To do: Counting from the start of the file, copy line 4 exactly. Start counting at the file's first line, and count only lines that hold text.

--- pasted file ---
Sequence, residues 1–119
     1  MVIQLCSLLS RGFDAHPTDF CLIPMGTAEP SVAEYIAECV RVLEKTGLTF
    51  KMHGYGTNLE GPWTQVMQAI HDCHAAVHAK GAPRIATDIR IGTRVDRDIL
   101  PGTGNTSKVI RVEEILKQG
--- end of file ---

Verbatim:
   101  PGTGNTSKVI RVEEILKQG